Follow Slashdot stories on Twitter


Forgot your password?

Submission + - The God Delusion

fiannaFailMan writes: Richard Dawkins has attracted a lot of attention with The God Delusion, and for good reason. He pulls no punches with a robust defence of atheism and reason as opposed to using faith as a means of making important life decisions. The tone of the book is shamelessly opinionated, and he leaves you in no doubt as to where he stands. His aim is to encourage more people to 'come out' as atheists, and to 'raise the consciousness' of those who tolerate the widely-held assumptions that blind faith in a higher existence is a virtue and that faith and science are both equally valid. Atheists remain one of the last social groups who are openly vilified and discriminated against on account of what they think, and Dawkins wants that to change.

The damage that has been done to the world by faith-based reasoning and organised religion is covered in a fair amount of detail with plenty of anecdotal stories thrown in to give the reader something to latch onto on an emotional level. The supression of scientific development, the teaching of ignorance at the expense of scientific fact, the subjugation of women, the abuse and brainwashing of children, the fallacy that only faith has a moral code, and of course the jihads and religious wars are all covered.

The philosophical arguments in favour of the God Hypothesis, as he calls it, are presented and knocked down one by one in incisive detail, and many are exposed as circular reasoning. The foundations of religion, the ancient scriptures, are examined closely, and the cruelty and violence of the old testament God is explained in shocking clarity. God is portrayed as an insecure, vengeful, jealous, genocidal maniac. Interestingly, there are examples of scripture that look suspiciously like they were duplicated during centuries of editing. For example, Lot's departure from Sodom (after he showed God how righteous he was by offering his daughters up to a mob to be raped in order to protect some angels who came to visit, Genesis 19:7-8) is suspiciously similar to another story in Judges 19:23-4. The mysoginist tone of the monotheistic holy books is made very clear throughout all of this, indicating how it was all written by men in a time when women were considered almost sub-human, and there are people in the world today who still want to adhere to such inhumane principles both in Christendom as well as the Islamic world.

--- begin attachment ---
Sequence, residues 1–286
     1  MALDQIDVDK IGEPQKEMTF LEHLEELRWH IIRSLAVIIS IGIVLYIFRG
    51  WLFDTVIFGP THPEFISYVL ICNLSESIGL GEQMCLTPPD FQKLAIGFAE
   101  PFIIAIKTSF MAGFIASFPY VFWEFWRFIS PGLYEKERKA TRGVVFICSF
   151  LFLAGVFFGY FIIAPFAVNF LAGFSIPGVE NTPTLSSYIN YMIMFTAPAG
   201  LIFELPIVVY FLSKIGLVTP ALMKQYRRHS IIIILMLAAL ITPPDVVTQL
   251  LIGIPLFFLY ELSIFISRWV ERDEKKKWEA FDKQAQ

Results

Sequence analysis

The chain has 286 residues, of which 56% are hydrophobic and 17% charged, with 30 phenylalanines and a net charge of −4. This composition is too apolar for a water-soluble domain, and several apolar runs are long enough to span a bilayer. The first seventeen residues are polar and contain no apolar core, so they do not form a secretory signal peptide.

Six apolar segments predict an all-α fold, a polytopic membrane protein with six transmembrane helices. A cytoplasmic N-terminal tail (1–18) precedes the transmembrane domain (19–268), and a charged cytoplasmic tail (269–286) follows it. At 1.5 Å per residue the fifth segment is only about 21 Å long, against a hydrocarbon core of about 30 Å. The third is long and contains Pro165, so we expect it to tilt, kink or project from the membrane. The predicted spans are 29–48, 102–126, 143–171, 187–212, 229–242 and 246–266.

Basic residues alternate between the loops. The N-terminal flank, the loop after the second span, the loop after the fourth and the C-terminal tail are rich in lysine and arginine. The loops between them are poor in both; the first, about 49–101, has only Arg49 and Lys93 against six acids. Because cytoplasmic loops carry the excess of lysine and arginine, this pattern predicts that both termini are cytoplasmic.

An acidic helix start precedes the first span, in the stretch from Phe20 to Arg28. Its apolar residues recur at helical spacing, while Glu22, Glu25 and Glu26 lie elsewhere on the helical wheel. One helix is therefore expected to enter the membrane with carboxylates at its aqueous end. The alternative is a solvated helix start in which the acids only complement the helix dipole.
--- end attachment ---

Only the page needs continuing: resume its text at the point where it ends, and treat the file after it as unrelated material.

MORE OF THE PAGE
There is an interesting exploration of the Catholic church's talent for making things up as it goes along using its own self interest as a motive and warped reasoning as the justification. Purgotory was invented as a means of justifying prayer (also exposed as ineffective elsewhere in the book) for the dead and as a means of generating revenue in the form of 'indulgences,' something the author describes as 'the medeival equivalent of the Nigerian internet scam.'

At all times, Dawkins keeps yanking the reader back to the reality of how the world works as explained by science. Natural selection is described not as an unlikely 'chance mutation' but as a gradual process in which the development of complex organisms is actually inevitable in many places in the universe wherever the conditions are suitable. Intelligent design advocates look for holes in scientific knowledge that can only be plugged by a god, only to retract whenever science plugs the gap with new discoveries.

Some people deride atheism as an 'empty existence' and having 'no meaning.' Dawkins extolls the virtues of atheism coupled with a deep understanding of the wonders of science. The universe as known to science is much bigger and much more impressive than the relatively small and young concoction of the ancient peoples who needed simple stories for simple people to explain that which they did not yet have the scientific knowledge to understand.

If you are an atheist and have been shy about voicing your beliefs (or lack thereof) in the presence of religious people, reading this book will give you new confidence and pride in your preference for reason over faith.

Disks travel in packs.